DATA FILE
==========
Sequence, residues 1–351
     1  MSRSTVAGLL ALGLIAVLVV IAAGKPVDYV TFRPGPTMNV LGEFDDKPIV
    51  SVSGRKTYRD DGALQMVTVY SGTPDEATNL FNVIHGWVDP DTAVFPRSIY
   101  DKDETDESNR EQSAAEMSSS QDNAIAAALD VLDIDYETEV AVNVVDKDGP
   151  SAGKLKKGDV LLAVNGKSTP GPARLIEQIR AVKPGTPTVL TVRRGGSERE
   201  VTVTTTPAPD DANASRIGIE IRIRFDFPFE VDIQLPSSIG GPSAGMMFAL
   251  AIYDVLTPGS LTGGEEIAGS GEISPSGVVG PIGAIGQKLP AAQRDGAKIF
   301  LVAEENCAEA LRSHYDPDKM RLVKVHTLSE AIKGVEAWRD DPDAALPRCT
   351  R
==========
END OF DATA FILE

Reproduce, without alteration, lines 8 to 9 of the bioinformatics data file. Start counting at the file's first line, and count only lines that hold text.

   301  LVAEENCAEA LRSHYDPDKM RLVKVHTLSE AIKGVEAWRD DPDAALPRCT
   351  R